Adventures are goal-oriented. You aren’t adventuring if you cannot say a sentence of the following form: ‘I’m going to…’ This is brought into stark relief when watching Extreme Dreams. The show splits up the adventure into two sections: the gruelling trek, and the beautiful reward. Once the contestants make it to the Incan ruins, they say ‘it was all worth it’. The goal is reached, the finish line is crossed; the adventure is done. There is a memorable line from Atkins: ‘the world has been done’. Again, this might be why it appeals to ambitious people. An adventure is an achievement, something you can tick off a list.
This is also how adventuring can become problematic. Adventurers can take things which ought to be respected, and reduce them into a personal achievement. The fury of the desert simply becomes yet another reason why I, adventurer, am great. Earnest Giles crossed Australia from East to West, famously saying: ‘we are now in the worst desert on the face of the earth, but that fact should give us all the more pleasure in conquering it.’ The beautiful world becomes all about me.
Early desert explorers described the desert as a woman to be conquered; the desert is not companion or home, it is simply a rebellious woman who is yet to reveal herself to a man. Atkins writes of early desert explorers: ‘The metaphor of sexual conquest was near ubiquitous: time and time again, the feminine desert was unveiled, exposed, vanquished and finally penetrated.’
The early explorers even treated the unexplored desert like a virgin woman, who is supposedly ruined the moment someone ‘unveils’ her. Harry Philby was utterly furious when Bertram Thomas crossed the desert before him, as though the desert was somehow ruined by someone travelling there first. Philby wrote: ‘Damn and blast Thomas! I have sworn a great oath not to go home until I have crossed the desert twice! and left nothing for future travellers!’ What exactly the desert loses once it is explored is just as mysterious to ordinary people as what a woman supposedly loses when she has sex. The attitudes are nonsensical in all the same places.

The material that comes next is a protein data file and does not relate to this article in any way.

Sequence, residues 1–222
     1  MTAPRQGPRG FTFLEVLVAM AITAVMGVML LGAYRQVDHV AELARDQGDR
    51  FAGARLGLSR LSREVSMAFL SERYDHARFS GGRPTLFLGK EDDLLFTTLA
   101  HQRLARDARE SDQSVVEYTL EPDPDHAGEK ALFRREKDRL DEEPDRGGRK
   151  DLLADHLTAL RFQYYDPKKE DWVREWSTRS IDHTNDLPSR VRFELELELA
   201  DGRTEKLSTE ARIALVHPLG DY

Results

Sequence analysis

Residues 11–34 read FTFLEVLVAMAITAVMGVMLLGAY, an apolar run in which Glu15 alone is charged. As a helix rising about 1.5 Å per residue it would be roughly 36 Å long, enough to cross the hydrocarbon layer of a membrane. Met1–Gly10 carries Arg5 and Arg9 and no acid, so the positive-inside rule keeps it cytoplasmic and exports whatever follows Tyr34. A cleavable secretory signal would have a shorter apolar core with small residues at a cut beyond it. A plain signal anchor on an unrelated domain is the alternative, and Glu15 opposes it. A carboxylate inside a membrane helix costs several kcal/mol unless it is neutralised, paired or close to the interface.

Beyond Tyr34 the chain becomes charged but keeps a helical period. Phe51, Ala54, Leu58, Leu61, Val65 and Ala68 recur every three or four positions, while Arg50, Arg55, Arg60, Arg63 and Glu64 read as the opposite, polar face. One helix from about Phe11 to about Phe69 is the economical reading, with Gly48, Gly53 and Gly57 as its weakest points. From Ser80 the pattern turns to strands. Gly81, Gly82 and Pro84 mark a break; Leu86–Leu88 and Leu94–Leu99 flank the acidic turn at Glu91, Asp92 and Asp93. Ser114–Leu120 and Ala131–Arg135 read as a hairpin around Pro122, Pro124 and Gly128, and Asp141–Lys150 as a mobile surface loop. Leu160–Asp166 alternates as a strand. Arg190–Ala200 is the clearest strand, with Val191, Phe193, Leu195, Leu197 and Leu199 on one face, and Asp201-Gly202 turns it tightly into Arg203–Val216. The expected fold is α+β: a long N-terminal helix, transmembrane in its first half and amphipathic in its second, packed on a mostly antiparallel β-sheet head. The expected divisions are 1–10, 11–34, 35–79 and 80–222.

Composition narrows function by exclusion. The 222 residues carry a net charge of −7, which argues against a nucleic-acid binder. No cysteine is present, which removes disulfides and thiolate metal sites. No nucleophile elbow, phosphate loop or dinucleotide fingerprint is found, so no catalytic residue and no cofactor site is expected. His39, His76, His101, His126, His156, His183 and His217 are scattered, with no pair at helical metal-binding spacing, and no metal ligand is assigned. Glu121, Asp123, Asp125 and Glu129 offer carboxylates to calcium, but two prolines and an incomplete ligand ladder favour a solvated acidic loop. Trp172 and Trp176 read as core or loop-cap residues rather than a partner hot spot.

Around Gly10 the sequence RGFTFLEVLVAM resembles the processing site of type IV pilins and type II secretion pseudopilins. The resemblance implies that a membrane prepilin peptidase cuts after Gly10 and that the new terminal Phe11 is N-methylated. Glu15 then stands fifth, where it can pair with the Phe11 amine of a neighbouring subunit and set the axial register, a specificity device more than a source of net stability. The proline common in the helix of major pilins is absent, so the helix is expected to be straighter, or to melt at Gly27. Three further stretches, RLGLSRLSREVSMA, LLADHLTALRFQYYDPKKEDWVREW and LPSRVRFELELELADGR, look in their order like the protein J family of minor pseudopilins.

Bertram Thomas, the actual first man to cross the Arabian desert, had different motives: ‘I have every intention of being the first man to cross the [Arabian desert], and to live the rest of my life on the proceeds’. For Thomas, then, adventuring is a way to monetise the desert. The desert cannot be turned into a farm, it cannot be made into property and sold, because no one wants to live there. So what do you do with it? You create stories there, and sell the stories.
This is no indictment of adventures. All sorts of things can be reduced to achievements. All sorts of things get reduced in this way by people with something to prove. We have all met someone who has turned a lovely experience into a box-ticking exercise. ‘Oh, you like the Killers? I’ve been to every concert of theirs since 2008, one in every continent.’ Turning things which are mysterious and powerful into a story of personal grandeur is evidently a human trait.
I’m tempted to think that adventurers get it right when they strike a balance. Some people are simply not interested enough in the world to consider exploring it. This was me, for most of my life. These people lack an adventurous spirit. Others are obsessed with the world, to the point that they want to own it; their adventures become a way to possess the places they visit. Somewhere in the middle is the perfect balance, where people adventure to embrace the unfamiliar, but not conquer it. The goal is simply to go to amazing places and wonder in amazement at what is out there.